And, of course, we've recently been reminded just how dangerous a panic-stricken gullible ass can be. Richard Poplawski shot and killed three Pittsburgh police officers and wounded two others over the weekend. Poplawski was "convinced the nation was secretly controlled by a cabal that would eradicate freedom of speech, take away his guns and use the military to enslave the citizenry... He appeared to share a belief that the government was controlled from unseen forces, that troops were being shipped home from the Mideast to police the citizenry here, and that Jews secretly ran the country." Apparently, he was a chump who believed everything he read. Of course, stupid people do stupid things -- often with terrible consequences. Many times, "gullible" and "dangerous" are synonymous.
Am I saying that people should be stopped from saying this hyperbolic BS? No, not by law anyway. But they should be held responsible in the court of public opinion whenever they open their mouths and this crap spills out. When you tell people the nazis are right around the corner, a'comin' to get them, you really shouldn't be surprised when some idiot believes it, panics, and strikes a blow for "the good guys."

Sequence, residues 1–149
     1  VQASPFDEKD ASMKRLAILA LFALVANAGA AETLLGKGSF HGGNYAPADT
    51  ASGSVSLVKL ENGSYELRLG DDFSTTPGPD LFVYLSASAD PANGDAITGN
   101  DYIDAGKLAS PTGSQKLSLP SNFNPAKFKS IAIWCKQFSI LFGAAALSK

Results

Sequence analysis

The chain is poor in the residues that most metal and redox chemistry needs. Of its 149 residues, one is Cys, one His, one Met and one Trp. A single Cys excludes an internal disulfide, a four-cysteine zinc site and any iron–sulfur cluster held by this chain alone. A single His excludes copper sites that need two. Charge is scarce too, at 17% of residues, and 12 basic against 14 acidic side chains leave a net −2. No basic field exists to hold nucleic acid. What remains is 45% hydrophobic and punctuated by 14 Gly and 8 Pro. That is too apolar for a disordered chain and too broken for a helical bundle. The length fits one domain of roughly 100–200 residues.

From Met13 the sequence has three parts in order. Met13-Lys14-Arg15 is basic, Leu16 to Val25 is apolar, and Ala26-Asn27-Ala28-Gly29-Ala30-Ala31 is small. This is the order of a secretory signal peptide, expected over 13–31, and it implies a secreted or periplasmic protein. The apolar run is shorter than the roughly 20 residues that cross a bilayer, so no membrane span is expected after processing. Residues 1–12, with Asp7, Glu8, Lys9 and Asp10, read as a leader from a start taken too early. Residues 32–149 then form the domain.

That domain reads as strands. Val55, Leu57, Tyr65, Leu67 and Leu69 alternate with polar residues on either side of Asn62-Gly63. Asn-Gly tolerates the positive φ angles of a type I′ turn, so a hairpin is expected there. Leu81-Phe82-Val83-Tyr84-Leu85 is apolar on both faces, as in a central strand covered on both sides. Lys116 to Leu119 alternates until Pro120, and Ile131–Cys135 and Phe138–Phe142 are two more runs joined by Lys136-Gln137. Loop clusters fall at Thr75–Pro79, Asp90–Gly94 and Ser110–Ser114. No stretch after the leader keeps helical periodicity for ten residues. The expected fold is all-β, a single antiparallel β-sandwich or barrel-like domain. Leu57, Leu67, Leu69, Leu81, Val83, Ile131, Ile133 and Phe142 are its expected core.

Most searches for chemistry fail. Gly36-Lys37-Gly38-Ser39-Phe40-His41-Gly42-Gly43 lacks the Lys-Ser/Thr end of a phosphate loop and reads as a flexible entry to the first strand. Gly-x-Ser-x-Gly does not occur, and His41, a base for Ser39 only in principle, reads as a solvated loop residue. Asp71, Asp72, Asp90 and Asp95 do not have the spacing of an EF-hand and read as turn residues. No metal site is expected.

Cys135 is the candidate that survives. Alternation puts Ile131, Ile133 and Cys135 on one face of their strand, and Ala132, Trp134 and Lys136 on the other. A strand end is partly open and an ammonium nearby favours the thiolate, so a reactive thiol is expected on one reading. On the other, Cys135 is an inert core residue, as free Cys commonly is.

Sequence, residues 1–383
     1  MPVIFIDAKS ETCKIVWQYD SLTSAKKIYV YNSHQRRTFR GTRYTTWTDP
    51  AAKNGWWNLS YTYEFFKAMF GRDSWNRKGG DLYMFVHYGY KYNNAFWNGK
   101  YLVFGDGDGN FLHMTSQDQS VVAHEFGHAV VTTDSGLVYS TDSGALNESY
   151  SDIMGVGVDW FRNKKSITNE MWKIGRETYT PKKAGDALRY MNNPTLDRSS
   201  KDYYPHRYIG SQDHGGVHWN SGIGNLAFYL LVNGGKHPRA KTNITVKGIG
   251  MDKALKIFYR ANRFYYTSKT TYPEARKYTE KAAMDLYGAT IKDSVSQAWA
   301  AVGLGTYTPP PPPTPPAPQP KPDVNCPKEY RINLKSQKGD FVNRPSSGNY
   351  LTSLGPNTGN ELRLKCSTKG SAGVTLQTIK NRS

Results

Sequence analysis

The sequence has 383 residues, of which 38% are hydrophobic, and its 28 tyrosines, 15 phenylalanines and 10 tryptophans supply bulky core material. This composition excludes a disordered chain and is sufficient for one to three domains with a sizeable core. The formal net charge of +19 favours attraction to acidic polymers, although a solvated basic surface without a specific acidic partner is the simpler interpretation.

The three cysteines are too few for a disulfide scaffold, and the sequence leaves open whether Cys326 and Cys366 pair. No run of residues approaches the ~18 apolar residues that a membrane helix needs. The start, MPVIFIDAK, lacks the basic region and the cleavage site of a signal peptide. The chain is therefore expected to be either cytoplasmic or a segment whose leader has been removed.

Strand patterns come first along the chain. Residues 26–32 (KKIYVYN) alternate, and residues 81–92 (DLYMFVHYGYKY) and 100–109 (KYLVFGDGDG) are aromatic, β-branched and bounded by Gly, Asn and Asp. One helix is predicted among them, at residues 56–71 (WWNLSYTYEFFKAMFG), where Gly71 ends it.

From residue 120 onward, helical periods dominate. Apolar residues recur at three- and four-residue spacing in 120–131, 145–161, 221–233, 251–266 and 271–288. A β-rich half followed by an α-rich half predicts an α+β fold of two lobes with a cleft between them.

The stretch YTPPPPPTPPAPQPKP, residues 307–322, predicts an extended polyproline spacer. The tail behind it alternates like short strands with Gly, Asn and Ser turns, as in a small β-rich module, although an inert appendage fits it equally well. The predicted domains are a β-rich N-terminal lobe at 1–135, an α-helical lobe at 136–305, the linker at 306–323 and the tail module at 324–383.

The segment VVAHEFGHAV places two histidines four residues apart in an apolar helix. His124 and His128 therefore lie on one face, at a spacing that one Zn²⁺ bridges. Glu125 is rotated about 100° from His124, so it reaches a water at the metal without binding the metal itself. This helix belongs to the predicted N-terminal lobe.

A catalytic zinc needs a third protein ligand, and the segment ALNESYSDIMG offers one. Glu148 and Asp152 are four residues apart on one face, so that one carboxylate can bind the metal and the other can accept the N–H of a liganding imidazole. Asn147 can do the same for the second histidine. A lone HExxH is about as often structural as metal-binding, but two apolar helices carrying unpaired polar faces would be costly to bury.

As I said, the Iowa decision was rational. That's not the problem. The reaction to it on the right is irrational and irresponsible. The country has a lot more to fear from a bunch of wingnuts, terrified by right wing propaganda, who think they're only thing that stands between freedom and totalitarianism.
In an op-ed for the New York Times, James Blow tells us that "the unrelenting meme being pushed by the right that Obama will mount an assault on the Second Amendment has helped fuel the panic buying of firearms. According to the F.B.I., there have been 1.2 million more requests for background checks of potential gun buyers from November to February than there were in the same four months last year."
And I'm supposed to be afraid of marriage equality in Iowa? I'm afraid of the idiots who think they're "defending my freedoms." Now might be a good time to dial back the fearmongering a bit, don't you think?